To convey its message, the Qur’an employs various stylistic tools, including the following:
1. Narrative in the Qur’an
The Qur’an contains many narratives (qisas, singular qissah), referred to in the Qur’an itself:
[We do relate unto thee the most beautiful of stories] (Yusuf 12:3)
These narratives, which illustrate and underline important aspects of the Qur’anic message, fulfill their functions in a variety of ways. The following are some of the more common patterns:
- Explaining the general message of Islam
- Giving general guidance and a reminder
- Strengthening the conviction of the Prophet and the believers
- Reminding of the earlier prophets and their struggles
- Indicating the continuity and truth of Muhammad’s message
- Providing arguments against some opponents of Islam, such as Jews and Christians
As far as the contents of these narratives are concerned, one may, broadly speaking, distinguish between the following three kinds:
- Stories of the prophets of Allah, their peoples, their message, their call, their persecution, etc., such as the narratives about Nuh (Ash-Shu`ra’ 26, Nuh 71), Musa (Al-Qasas 28), `Isa (Maryam 19) and many others
- Other Qur’anic narratives about past people or events, such as the narratives about the Companions of the cave, or about Dhul Qarnain (Al-Kahf 18)
- References to events that took place during the lifetime of the Prophet Muhammad, such as the Battle of Badr (Aal `Imran 3:13), the Battle of Uhud (Aal `Imran 3:121-128), the Battle of Al-Ahzab (33: 9-27), the Night Journey (Al-Israa’ 17:1)
2. Similes in the Qur’an
The Qur’an also employs similes (amthal, singular mathal) in many places to explain certain truths or to drive home important points of the message, by likening it to something well known or describing it in a pictorial manner. (See, for example, An-Nahl 16:75-76.)
The following verse is an example:
[He sendeth down water from the sky, so that valleys flow according to their measure, and the flood beareth (on its surface) swelling foam—from that which they smelt in the fire in order to make ornaments and tools riseth a foam like unto it—thus Allah coineth (the similitude of) the true and the false. Then, as for the foam, it passeth away as scum upon the banks, while, as for that which is of use to mankind, it remaineth in the earth. Thus Allah coineth the similitudes.] (Ar-Ra`d 13:17)
3. Passages With “Qul”
More than 200 passages in the Qur’an open with the word “qul” (say), which is an instruction to the Prophet Muhammad to address the words following this introduction to his audience in a particular situation, such as in reply to a question that has been raised, or as an assertion of a matter of belief, or announcement of a legal ruling.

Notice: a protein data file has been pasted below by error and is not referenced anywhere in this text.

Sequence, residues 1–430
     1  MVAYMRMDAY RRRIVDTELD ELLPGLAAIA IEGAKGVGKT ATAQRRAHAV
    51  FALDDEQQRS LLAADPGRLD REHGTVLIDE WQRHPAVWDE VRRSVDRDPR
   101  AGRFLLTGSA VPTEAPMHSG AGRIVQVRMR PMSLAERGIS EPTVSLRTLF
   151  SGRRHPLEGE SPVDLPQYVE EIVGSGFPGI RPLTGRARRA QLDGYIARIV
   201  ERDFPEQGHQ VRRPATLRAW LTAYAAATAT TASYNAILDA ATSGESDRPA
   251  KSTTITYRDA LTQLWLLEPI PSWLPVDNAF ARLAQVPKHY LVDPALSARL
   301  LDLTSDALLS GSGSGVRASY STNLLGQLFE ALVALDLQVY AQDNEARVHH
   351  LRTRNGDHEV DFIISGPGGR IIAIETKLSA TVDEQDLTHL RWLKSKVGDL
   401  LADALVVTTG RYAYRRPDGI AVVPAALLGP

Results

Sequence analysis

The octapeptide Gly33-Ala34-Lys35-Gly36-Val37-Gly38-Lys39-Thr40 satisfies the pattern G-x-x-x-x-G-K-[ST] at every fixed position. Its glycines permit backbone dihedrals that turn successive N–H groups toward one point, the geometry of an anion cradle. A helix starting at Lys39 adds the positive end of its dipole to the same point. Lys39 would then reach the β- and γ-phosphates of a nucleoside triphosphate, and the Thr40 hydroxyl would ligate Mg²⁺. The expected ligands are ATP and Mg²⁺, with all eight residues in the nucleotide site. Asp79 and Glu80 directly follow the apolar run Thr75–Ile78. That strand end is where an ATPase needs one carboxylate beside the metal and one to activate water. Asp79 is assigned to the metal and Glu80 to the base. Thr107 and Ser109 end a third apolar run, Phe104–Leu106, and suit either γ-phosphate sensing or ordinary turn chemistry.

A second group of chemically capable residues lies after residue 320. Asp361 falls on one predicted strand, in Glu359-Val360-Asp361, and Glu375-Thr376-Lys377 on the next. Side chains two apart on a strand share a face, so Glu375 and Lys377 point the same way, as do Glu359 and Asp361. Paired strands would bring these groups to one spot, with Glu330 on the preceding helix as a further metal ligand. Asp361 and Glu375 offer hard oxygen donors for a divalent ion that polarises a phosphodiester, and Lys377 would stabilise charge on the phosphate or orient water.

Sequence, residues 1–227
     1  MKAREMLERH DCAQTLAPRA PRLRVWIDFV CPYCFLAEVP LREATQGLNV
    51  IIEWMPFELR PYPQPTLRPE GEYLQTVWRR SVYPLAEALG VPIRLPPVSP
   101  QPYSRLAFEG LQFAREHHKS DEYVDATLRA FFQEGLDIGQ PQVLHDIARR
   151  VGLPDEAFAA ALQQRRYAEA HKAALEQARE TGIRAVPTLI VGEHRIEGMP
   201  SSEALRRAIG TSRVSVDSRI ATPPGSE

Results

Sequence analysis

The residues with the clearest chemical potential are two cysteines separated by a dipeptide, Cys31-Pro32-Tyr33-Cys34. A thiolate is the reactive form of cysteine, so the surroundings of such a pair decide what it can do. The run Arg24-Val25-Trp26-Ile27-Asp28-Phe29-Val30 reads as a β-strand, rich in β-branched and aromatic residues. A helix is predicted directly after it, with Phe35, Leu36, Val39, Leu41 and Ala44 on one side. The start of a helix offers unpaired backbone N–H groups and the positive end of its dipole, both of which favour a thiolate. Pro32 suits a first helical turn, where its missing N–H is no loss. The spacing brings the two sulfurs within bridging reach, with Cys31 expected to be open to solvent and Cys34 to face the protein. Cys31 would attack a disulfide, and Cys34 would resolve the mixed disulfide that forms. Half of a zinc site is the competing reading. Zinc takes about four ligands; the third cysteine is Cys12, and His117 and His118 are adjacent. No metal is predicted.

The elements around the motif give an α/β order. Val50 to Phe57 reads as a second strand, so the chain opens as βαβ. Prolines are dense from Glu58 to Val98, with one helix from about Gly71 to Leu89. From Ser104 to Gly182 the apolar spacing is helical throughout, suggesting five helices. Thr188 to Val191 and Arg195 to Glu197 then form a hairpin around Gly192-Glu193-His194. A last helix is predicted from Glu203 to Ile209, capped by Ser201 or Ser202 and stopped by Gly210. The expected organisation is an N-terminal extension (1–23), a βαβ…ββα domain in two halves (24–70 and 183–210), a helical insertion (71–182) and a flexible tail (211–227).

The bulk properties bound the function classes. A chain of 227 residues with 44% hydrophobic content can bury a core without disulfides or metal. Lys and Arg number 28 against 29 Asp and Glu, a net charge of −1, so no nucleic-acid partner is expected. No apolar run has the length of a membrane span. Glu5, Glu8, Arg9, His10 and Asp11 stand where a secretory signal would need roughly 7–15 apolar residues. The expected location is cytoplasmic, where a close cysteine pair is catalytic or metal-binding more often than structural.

Examples of this follow:
[Say: Nothing will happen to us except what God has decreed for us: He is our Patron.] (At-Tawbah 9:51)
[Say: O People of the Scripture! Do ye blame us for aught else than that we believe in Allah and that which is revealed unto us and that which was revealed aforetime, and because most of you are evil-livers?] (Al-Ma’idah 5:59)
[They ask thee concerning (things taken as) spoils of war. Say: (Such) spoils are at the disposal of God and the Messenger: so fear God and adjust the matter of your difference: obey God and His Messenger, if ye do believe.] (Al-Anfal 8:1)
4. Oaths in the Qur’an
In a number of places the Qur’an employs oath-like expressions (aqsam, singular qasam). [For a brief discussion see also Abdullah Yusuf Ali, The Qur’an: Text, Translation and Commentary, Appendix XIV.] The function of these oaths is to strengthen and support an argument, and to disperse doubts in the mind of the listener. In the Arabic text these passages are often opened by the word “wa” or the phrase “la uqsimu” (indeed, I swear).
Here are some examples:
Sometimes an oath is taken by Allah Himself:
[But no, by thy Lord, they can have no real faith until they make thee judge in (all) disputes between them and find in their souls no resistance against thy decisions but accept them with fullest conviction.] (Al-Qur’an 4:65)
Other oaths are taken by Allah’s creation:
[ By the sun and his (glorious) splendor, by the moon as she follows him, by the day as it shows up the sun’s glory, by the night as it conceals it; by the firmament and its (wonderful) structure, by the earth and its (wide) expanse, by the soul and the proportion and order given to it…] (Ash-Shams 91:1-7)
[ Nay, I swear by this city…] (Al-Balad 90:1)
Man should only take an oath by Allah the Creator, and not by anything created.
* This article is part of the fourth chapter entitled “Form, Language and Style” in the author’s work Ulum Al-Qur’an, here taken, with some modifications, from: http://www.ymofmd.com.
Ahmad Von Denffer was born in Germany in 1949. He is working with the Islamic Center, Munich, Germany. He has written various publications in different languages.
Article source: Islamonline.net